The spread of coronavirus suggests it is almost time for Singapore to do a phased return to the way things used to be anytime soon, even if viral curves appear to flatten.
Lately, Singapore has done many things rightly. After recording its first coronavirus case on January 23, the rich city-state meticulously traced the close associates of each person known to have been infected with the virus, while keeping a sense of normalcy within its streets.
Singaporean borders were shut to populations with a likelihood of carrying the contagion, although businesses remained open with ample testing and treatment freely offered to residents.
But in the past few days, Singapore’s coronavirus caseload has more than doubled, with over 8,000 cases confirmed as of Monday, in Southeast Asia.
Most of the fresh cases of infections were found within crowded dormitories where migrant labourers live, unnoticed by many of the country’s richer residents and, it turns out, the government itself.
Channel News Asia also reports the Ministry of Health as saying, in its preliminary daily update that 451 new COVID-19 cases were identified, taking the Singapore’s total to 28,794
The source reports that the Ministry of Health revealed the vast majority of cases are work permit holders residing in foreign worker dormitories.
The Strait Times also reports that further updates would be made public in a press release in the night on Tuesday.
The Ministry of Health said the much reduced incidence of coronavirus cases recorded on Monday was because of a testing laboratory reviewing its processes following an earlier apparatus calibration glitch which needed some time before it could ramp up testing capabilities.
This present number for coronavirus infections in Singaporeans and permanent residents represent the least incidence of cases since the circuit breaker measures were first adopted on April 7. The last time any case of infection was reported was on Friday last week.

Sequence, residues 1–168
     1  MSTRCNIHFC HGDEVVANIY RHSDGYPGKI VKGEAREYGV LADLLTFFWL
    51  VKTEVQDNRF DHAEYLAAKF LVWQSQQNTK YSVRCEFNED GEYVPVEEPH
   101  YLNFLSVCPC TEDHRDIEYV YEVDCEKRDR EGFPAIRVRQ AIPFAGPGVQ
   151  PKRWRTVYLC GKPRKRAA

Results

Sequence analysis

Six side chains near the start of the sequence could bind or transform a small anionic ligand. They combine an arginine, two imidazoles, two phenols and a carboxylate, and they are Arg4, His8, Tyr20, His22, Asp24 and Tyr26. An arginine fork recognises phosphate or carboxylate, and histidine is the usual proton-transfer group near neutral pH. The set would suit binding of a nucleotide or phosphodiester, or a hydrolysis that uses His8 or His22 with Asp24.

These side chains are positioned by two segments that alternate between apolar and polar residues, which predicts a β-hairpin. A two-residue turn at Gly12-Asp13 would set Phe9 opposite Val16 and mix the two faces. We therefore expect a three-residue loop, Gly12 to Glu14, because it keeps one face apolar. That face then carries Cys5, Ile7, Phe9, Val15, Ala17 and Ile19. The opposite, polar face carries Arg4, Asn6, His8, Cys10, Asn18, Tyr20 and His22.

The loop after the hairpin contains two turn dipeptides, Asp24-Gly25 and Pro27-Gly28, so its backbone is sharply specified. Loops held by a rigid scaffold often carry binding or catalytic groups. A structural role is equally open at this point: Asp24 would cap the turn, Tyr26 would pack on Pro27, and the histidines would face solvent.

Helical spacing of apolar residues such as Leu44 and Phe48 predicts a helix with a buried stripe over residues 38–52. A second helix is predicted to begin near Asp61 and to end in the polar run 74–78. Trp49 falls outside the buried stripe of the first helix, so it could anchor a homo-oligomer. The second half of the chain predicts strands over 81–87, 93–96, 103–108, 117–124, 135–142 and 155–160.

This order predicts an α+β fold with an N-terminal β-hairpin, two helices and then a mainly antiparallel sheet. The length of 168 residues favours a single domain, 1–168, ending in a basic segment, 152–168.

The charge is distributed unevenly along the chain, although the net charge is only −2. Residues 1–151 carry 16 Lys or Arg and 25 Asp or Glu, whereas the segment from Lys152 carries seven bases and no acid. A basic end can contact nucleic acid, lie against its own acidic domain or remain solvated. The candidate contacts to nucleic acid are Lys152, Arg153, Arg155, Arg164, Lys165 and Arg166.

There are believable indications the coronavirus situation in Singapore could be stabilising amid the circuit breaker.
The number of patients released from hospital is getting far higher than the number of patients discharged within the past six days, while the average number of new daily cases within the past week for Singaporeans, permanent residents, long-term pass holders and work permit holders outside dormitories has dropped in comparison with the situation two weeks before.
Monday’s reduced number of cases, 305, was partially because fewer tests were processed because one of the Ministry of Health’s testing laboratories got a problem, and needed time to scale up its testing capacity.
As of Monday, 26,090 of the 323,000 foreign workers living in dormitories, or slightly beyond 8 per cent, have been confirmed positive with the virus.
The authorities are continuing with its test on workers. Minister for Manpower, Josephine Teo, said the objective is to test all of them systematically so they could be cleared before resuming work.
Some 363 of 664,000 work permit holders outside dorms, or 0.05 per cent, and 1,310 of the about 4.7 million Singaporeans, permanent residents and long-term pass holders, or 0.03 per cent, have also been diagnosed with coronavirus.
As of Monday, 9,826, or about 35 percent of patients in Singapore, have fully recovered from the virus and have been discharged.
22 have died from coronavirus complications and 9 who tested positive have died from other causes.
All over the world, the virus outbreak, which began in December 2019, has infected more than 4.8 million people and some 318,000 have lost their lives.
Asia One corroborates the news of the spread of the virus with the report that the Ministry of Health has preliminary identification of 451 new coronavirus cases in Singapore, May 19, an increase from Monday’s 305 cases of infections.
Most of these new coronavirus cases involve workers from overseas living in dormitories with one Singaporean/Permanent resident case.
The report says a total of 28,794 cases have been reported in Singapore thus far, with 9,835 patients discharged from hospital and a mortality rate of 22.